Assuntos
Atitude do Pessoal de Saúde , Atitude Frente a Saúde , Prescrições de Medicamentos/estatística & dados numéricos , Padrões de Prática Médica/tendências , Adolescente , Adulto , Idoso , Comportamento do Consumidor , Estudos Transversais , Feminino , Humanos , Masculino , Pessoa de Meia-Idade , Paquistão , Percepção , Assistência Farmacêutica/estatística & dados numéricos , Farmácias/estatística & dados numéricos , Farmacêuticos/psicologia , Médicos/psicologia , Adulto Jovem
15.
Farm Hosp ; 43(3): 82-86, 2019 May 01.
Artigo em Espanhol | MEDLINE | ID: mdl-31072285

RESUMO

OBJECTIVE: To analyse the situation and the possible variability of  pharmaceutical provision to public nursing homes included in the "Project  pilot" from hospital pharmacy services of the Andalusian Health Service. METHOD: Cross-sectional multicenter study. A questionnaire of 36 questions including: nursing homes characteristics, legislation,  pharmacotherapeutic guide and prescription, preparation and transport,  dispensation, administration, pharmaceutical activity and healthcare data. RESULTS: We included 13 nursing homes. Everyone had a medicines store. All  dispensed in individualized unit dose. Three nursing homes did not have  a work space for the pharmacist. The pharmacist did not move to the nursing  home in three of them. CONCLUSIONS: Although there is some variability in the pharmaceutical provision to nursing homes included in the "Pilot Project", we  have identified strengths such as the dispensing of medicines as unit  dose system and opportunities to improve such as the increase of the  pharmacist's presence in nursing homes.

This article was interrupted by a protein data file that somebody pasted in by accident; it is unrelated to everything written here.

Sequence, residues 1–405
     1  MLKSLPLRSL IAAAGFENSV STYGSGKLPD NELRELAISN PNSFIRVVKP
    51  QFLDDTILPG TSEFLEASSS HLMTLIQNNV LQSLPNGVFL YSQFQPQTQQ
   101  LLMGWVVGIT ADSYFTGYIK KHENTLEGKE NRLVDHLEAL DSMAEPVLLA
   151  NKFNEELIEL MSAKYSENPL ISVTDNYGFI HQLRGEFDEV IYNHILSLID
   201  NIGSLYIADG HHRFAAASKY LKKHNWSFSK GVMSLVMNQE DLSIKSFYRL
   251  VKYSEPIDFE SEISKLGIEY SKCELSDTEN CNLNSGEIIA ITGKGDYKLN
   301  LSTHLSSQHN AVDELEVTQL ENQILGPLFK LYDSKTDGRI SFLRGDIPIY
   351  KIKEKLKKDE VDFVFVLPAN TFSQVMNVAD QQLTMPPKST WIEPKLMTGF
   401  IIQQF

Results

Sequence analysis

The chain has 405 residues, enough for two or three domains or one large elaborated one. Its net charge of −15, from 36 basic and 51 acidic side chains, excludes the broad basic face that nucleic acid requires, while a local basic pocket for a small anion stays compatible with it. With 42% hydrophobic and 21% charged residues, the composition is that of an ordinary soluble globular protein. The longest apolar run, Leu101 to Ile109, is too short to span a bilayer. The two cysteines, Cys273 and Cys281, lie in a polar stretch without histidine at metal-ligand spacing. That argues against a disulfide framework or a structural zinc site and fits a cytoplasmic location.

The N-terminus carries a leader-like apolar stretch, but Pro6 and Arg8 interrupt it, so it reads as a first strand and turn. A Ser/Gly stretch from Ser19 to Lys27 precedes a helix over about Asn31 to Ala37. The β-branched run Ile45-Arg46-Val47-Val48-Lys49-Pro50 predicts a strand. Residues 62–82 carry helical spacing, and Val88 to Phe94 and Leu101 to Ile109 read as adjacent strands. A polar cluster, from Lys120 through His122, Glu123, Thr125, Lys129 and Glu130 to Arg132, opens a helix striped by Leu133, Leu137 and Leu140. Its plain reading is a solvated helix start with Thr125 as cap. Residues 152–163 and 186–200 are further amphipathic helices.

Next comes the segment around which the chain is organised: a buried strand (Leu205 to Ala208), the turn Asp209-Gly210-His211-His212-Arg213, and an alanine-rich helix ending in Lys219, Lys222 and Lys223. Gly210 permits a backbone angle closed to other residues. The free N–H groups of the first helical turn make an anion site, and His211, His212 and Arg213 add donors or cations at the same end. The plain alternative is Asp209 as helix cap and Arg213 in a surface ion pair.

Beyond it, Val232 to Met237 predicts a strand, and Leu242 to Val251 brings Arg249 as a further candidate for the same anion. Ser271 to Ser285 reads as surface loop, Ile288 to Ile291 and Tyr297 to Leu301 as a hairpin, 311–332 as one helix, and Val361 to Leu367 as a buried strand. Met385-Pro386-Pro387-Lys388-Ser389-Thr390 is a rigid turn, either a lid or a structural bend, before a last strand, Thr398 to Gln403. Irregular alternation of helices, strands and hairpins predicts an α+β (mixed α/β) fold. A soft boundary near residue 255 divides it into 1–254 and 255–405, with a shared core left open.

Assuntos
Casas de Saúde/organização & administração , Assistência Farmacêutica/organização & administração , Serviço de Farmácia Hospitalar/organização & administração , Idoso , Idoso de 80 Anos ou mais , Estudos Transversais , Prescrições de Medicamentos/estatística & dados numéricos , Humanos , Sistemas de Medicação , Casas de Saúde/estatística & dados numéricos , Assistência Farmacêutica/estatística & dados numéricos , Farmacêuticos , Projetos Piloto , Espanha , Inquéritos e Questionários
16.
AIDS Behav ; 23(8): 2109-2120, 2019 Aug.
Artigo em Inglês | MEDLINE | ID: mdl-30929147

RESUMO

Antiretroviral (ARV) adherence is critical in monitoring disease response in youth with perinatally-acquired HIV (PHIV). We used pharmacy refill (PR) information for PHIV youth from the PHACS Memory Sub-study to calculate medication availability over 2, 4, and 6 months. PR, a proxy of adherence, was compared with self-reported 7-day adherence in predicting suppressed viral load (SVL < 400 copies/mL) and higher CD4% (≥ 25%). Among 159 PHIV youth, 79% were adherent by 7-day recall, and 62, 55, and 48% by PR over 2, 4, and 6 months, respectively. Agreement between 7-day recall and PR adherence was weak (Kappa = 0.09-0.25). In adjusted logistic regression models, adherence showed associations with SVL for 7-day recall (OR 2.78, 95% CI 1.08, 7.15) and all PR coverage periods (6-month: OR 3.24, 95% CI 1.22, 8.65). Similar associations were observed with higher CD4%. PR measures were predictive of study retention. Findings suggest a possibly independent role of PR adherence measures.


Assuntos
Fármacos Anti-HIV/administração & dosagem , Terapia Antirretroviral de Alta Atividade , Adesão à Medicação/estatística & dados numéricos , Aceitação pelo Paciente de Cuidados de Saúde , Assistência Farmacêutica/estatística & dados numéricos , Adolescente , Adulto , Fármacos Anti-HIV/uso terapêutico , Feminino , Infecções por HIV/tratamento farmacológico , HIV-1/efeitos dos fármacos , Humanos , Transmissão Vertical de Doença Infecciosa , Masculino , Farmácias , Autorrelato , Carga Viral/efeitos dos fármacos , Adulto Jovem
17.
Int J Clin Pharm ; 41(2): 488-495, 2019 Apr.
Artigo em Inglês | MEDLINE | ID: mdl-31028599

RESUMO